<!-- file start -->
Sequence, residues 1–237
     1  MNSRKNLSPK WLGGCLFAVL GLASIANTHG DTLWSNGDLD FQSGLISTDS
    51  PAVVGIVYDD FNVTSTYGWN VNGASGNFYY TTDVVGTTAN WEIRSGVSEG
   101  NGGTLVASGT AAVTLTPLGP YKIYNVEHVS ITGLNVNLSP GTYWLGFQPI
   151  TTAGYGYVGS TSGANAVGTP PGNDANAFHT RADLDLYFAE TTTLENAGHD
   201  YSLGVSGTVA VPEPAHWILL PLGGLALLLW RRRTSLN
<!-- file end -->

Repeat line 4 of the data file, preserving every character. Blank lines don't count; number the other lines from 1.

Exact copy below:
   101  NGGTLVASGT AAVTLTPLGP YKIYNVEHVS ITGLNVNLSP GTYWLGFQPI